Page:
Sex and YA Books

Sex and YA Books

So, I originally set out to write a YA novel.  I knew that The Storyteller’s Throne would be centered around the time in our lives between the teen years and the beginning of being an adult and I figured the book itself would be geared toward people around that age and also those who were parents of kids around that age range.

Turns out, as I wrote the book, more adult themes came into play.
Themes like consensual sex, suicide, sexual abuse …

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These themes came out because the book is, at its core, a novel about the heart and what the heart endures throughout childhood.

I originally kept these themes out of the book, but after a short while decided to allow my story to be told as it wanted to be told.  I  wasn’t sure if this meant that my book could no longer be a YA novel (being a first-time author!), but it was more important to me that it was honest. And I’m sure not everyone’s childhood was filled with these themes, but they are present in childhood for sure.

Well, my book ended up breaking all these themes wide open and questioning the most basic part of our humanity and how we use it in our world.  It’s a book that goes beyond YA fiction but I also thought young adults and teenagers might relate to it as well.

So, after I finished my book, I was deciding exactly who would enjoy the book and I got lost in these forums on what is and isn’t appropriate for YA novels.  (I also found a completely new genre of book I didn’t know existed, called NA; New Adult for people 18-25)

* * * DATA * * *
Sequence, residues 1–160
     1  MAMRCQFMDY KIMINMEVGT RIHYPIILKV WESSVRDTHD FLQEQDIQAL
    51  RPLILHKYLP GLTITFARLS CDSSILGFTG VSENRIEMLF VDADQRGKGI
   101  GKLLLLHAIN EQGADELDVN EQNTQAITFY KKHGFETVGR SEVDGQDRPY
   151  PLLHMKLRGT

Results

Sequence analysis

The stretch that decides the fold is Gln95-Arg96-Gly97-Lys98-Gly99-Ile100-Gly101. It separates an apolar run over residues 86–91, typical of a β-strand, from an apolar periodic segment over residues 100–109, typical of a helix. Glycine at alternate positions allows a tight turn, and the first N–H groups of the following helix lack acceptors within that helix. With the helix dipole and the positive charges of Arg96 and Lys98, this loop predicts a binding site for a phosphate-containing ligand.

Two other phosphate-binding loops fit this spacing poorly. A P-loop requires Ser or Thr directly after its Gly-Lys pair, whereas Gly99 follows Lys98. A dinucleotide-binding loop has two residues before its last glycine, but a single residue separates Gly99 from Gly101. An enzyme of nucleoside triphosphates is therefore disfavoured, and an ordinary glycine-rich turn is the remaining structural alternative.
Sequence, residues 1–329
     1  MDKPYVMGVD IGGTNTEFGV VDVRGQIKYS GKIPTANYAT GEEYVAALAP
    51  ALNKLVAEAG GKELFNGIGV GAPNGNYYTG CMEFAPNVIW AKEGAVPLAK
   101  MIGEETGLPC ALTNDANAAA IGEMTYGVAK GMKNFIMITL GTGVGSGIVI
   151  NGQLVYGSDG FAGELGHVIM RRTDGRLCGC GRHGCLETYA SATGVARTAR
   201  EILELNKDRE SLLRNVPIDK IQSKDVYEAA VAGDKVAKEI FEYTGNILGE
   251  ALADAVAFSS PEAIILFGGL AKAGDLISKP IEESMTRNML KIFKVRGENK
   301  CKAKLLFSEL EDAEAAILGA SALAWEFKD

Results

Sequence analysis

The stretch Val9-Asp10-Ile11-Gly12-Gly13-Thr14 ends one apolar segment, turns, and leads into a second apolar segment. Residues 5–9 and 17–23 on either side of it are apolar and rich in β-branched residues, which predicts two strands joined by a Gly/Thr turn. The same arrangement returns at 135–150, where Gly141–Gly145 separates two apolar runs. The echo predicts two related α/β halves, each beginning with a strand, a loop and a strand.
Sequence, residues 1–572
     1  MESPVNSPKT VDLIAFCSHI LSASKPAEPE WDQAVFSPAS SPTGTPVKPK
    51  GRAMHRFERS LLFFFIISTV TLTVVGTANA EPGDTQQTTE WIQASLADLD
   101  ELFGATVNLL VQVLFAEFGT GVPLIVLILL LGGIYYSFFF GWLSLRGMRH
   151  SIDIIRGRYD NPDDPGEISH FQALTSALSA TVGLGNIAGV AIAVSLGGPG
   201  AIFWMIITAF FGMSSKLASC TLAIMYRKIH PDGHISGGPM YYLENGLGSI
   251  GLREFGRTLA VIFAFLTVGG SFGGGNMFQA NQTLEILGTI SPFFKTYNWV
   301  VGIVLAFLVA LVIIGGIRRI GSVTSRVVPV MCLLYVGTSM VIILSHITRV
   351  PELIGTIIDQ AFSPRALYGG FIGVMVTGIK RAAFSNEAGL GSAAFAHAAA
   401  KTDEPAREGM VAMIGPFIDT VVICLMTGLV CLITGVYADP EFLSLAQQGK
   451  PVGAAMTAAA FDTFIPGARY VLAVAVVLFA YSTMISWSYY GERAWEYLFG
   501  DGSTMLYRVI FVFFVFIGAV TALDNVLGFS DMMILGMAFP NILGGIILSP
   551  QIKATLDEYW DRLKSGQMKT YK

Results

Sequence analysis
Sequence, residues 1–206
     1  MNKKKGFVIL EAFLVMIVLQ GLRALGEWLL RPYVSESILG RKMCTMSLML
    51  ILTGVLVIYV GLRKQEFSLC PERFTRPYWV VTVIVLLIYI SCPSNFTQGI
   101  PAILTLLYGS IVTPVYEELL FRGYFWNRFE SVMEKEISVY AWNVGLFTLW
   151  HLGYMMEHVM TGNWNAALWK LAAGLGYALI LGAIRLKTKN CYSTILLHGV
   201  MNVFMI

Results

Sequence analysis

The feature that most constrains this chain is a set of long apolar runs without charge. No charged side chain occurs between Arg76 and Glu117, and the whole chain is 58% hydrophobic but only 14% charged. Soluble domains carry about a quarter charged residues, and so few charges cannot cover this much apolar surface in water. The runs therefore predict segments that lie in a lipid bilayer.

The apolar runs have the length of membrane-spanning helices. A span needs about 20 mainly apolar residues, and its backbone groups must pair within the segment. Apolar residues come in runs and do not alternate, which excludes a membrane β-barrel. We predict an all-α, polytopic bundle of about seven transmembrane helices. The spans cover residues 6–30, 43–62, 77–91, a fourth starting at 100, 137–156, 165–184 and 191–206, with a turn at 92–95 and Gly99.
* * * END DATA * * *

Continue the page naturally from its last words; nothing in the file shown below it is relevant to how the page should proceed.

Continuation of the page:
“New Adult”, meanwhile, features college- rather than school-aged characters and plotlines; ostensibly the next age-category up from YA. As Non Pratt put it pithily at YALC, however, it can frequently be categorised as “YA with sexytimes”, especially in the wake of Fifty Shades of Grey and its student protagonist, Anastasia Steele. Many NA books focus unashamedly on sex, blurring the boundary between romance and erotica – but some do explore the challenges and uncertainties of leaving home and living independently for the first time. Rainbow Rowell’s Fangirl, for instance, is a comparatively “clean read”, but delves deeply into the anxieties of Cath, its introverted main character, trying to map out her boundaries in the frightening new context of college.

The Guardian

I found myself in the rabbit hole.

There’s actually a lot of debate on what should and shouldn’t be considered YA, the most controversial of topics being sex.

(Which always amazes me, people would rather their children witness violence in all its forms than a sexual act and/or nudity … this no more apparent than on television.)

I still don’t know if The Storyteller’s Throne could be considered for the YA genre … but my guess is that it’s not exactly a candidate … even though I’m pretty sure teenagers could completely relate to the story.

I guess only time will tell as to whom the themes resonate with the most.

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